Colorado Headwaters Invasives Project

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Tamarisk is an aggressive invasive plant species that infests 1.6 million acres in 17 western states, Canada, and Mexico. Tamarisk has been found to alter ecosystem structure and function in a number of published studies. There is no doubt that tamarisk causes major problems. Until relatively recently, the technology to control tamarisk in a cost-effective manner was not available. However, there are now herbicides that have been shown to be highly effective on tamarisk plants. In addition, biocontrol insects show great promise for controlling tamarisk and will likely be available in the next few years for release. There is some evidence that tamarisk consumes more water than the native plants it replaces. The prospect of “saving” water by killing tamarisk plants in the western US has prompted western congressmen to introduce federal legislation that would provide federal dollars for tamarisk and Russian olive control.

S. 177 and H.R. 2720 (Salt Cedar and Russian Olive Control Act of 2005) were introduced by Senator Domenici, NM, and Representative Pierce, NM, respectively. Colorado Senators Allard and Salazar and Representatives Salazar and Udall are co-sponsors. The bills have identical language and specify demonstration projects at $15 M per year for 5 years at 75% federal match with $5 M for inventory research. Both bills have passed committee.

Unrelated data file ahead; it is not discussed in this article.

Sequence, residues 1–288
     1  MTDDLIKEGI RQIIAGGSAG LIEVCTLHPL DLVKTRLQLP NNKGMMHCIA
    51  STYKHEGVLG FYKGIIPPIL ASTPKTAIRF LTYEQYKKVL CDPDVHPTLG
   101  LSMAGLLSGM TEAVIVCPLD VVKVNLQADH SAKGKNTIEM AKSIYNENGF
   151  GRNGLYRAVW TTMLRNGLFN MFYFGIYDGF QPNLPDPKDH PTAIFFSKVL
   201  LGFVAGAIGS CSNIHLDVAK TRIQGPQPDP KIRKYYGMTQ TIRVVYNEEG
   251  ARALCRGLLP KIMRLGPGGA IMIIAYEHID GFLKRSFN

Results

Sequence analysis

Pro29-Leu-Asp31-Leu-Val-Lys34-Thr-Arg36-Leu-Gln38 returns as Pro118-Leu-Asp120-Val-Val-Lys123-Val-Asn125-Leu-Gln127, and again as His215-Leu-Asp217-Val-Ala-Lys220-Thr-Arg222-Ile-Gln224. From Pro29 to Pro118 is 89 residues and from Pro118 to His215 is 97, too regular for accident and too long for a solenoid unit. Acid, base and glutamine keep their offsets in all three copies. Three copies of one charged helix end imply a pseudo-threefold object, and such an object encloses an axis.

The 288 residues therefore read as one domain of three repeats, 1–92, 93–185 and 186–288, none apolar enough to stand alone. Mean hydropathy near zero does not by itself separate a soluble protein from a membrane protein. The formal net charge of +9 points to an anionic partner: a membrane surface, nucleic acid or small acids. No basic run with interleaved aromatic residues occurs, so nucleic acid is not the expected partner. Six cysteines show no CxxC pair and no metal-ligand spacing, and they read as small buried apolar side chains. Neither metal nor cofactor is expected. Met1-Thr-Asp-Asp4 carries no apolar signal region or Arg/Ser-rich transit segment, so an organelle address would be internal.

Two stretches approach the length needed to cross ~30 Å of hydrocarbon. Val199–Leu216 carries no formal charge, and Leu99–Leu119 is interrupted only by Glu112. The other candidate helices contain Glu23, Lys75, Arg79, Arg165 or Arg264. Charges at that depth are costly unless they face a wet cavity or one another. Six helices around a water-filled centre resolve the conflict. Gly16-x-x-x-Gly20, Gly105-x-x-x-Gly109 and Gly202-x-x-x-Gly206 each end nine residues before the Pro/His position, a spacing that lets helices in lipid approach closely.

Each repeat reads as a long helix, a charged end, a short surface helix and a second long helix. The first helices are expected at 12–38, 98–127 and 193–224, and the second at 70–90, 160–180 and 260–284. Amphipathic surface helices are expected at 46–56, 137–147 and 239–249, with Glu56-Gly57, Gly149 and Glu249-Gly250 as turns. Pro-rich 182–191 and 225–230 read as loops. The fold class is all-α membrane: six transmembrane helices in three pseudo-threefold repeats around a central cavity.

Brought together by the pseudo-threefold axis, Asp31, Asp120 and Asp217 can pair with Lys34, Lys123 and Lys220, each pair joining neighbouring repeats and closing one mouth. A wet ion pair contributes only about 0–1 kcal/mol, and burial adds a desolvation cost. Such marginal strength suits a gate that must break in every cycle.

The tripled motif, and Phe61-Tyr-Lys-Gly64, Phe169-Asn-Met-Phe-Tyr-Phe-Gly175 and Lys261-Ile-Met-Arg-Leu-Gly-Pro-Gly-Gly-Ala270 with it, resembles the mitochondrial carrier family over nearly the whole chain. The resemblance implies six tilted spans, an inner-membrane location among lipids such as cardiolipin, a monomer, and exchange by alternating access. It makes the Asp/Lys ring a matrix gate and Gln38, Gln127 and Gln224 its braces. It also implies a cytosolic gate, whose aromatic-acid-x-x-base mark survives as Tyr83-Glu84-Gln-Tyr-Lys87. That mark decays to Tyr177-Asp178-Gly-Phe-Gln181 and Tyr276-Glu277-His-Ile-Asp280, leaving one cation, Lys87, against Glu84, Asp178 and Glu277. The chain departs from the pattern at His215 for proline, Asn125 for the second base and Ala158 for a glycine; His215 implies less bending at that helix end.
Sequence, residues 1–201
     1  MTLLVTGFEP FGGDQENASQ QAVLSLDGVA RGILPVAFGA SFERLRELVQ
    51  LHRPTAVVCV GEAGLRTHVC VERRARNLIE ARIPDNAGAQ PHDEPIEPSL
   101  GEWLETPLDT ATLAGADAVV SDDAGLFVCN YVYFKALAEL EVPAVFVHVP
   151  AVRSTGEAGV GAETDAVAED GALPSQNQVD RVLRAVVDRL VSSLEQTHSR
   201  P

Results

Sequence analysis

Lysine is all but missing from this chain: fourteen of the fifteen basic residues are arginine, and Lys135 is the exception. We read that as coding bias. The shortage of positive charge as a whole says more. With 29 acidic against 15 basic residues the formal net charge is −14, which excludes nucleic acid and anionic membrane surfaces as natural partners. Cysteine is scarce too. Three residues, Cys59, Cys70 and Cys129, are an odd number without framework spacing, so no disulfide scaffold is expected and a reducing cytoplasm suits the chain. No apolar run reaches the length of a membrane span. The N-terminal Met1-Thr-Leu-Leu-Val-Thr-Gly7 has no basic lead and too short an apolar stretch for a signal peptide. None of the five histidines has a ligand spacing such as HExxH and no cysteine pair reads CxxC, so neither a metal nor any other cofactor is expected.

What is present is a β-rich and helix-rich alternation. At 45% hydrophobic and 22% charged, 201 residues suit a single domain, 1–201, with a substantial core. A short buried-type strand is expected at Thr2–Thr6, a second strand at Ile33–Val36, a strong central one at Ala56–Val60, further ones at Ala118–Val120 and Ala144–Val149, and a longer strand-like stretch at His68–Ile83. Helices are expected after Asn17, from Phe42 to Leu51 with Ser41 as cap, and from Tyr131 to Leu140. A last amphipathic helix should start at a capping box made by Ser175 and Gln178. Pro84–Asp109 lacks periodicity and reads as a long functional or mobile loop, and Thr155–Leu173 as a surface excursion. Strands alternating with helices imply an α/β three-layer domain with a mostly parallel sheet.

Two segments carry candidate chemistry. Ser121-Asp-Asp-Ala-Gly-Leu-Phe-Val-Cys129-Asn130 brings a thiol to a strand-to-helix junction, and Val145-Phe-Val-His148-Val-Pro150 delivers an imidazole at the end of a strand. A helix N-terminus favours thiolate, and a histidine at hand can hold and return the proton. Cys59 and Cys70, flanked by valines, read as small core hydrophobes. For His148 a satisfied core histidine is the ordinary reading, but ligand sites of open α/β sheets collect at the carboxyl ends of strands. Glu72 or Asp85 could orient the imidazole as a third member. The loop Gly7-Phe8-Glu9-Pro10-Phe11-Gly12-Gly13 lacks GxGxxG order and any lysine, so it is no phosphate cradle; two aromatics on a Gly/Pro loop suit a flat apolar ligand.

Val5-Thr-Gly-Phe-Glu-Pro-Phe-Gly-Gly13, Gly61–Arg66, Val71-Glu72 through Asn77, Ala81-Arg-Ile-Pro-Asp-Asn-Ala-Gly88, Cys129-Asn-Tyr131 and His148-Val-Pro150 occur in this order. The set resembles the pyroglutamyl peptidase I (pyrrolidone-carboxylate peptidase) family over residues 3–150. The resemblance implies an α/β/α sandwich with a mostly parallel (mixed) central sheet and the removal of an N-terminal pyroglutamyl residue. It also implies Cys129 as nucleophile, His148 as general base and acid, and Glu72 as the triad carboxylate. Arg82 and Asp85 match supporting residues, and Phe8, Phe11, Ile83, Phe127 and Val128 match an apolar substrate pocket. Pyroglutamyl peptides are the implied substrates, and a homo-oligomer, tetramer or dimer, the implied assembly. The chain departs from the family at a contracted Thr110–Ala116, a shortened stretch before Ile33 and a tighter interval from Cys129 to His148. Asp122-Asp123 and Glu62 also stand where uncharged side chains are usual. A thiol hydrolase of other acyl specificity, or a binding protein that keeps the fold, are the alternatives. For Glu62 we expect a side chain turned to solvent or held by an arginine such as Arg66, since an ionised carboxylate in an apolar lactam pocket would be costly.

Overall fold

The prospect of federal funds for tamarisk control prompted the Tamarisk Coalition, based in Grant Junction, to speak with numerous organizations and individuals to determine if there is an interest in a Colorado River Headwaters partnership to promote riparian health. The Colorado River Headwaters area extends west from the Continental Divide to Palisade. Alan Carpenter attended the meeting to represent CRA. The Tamarisk Coalition is a non-profit group whose mission is to provide education, technical assistance, and coordination support to restore riparian lands to healthy conditions. The Coalition is an advocate for tamarisk control and revegation and wide variety of local, county, state, federal, non-profit, and private individual partners that conduct tamarisk and Russian olive control.

Tim Carlson, Executive Director of the Coalition, asked a number of groups, including the Colorado Riparian Association, if they would send a representative to a meeting on October 7 in Glenwood Springs, to discuss this matter. More specifically, the primary motivation for the meeting was to make preparations for the grants pursuant to the impending federal legislation. Those groups that have done preliminary planning are in the best position to receive funding. Three criteria specified in the bill for federal funding are 1) a state-wide strategy focusing on a watershed approach; 2) comprehensive local plans; and 3) broad based partnerships to achieve cooperative conservation.

The Tamarisk Coalition received a grant from the Colorado Water Conservation Board to map tamarisk infestations. Nate Ament of the Coalition explained the mapping approach that used available aerial photography for mapping and field checks using global positioning systems (GPS) units. At the time of the meeting, 600 linear miles of the main stem Arkansas and Colorado Rivers have been mapped, including the Colorado River Headwaters area.

There was much discussion of a number of topics, including how to organize this effort and who was willing and able to lead the project. The persons present agreed to move forward with the project.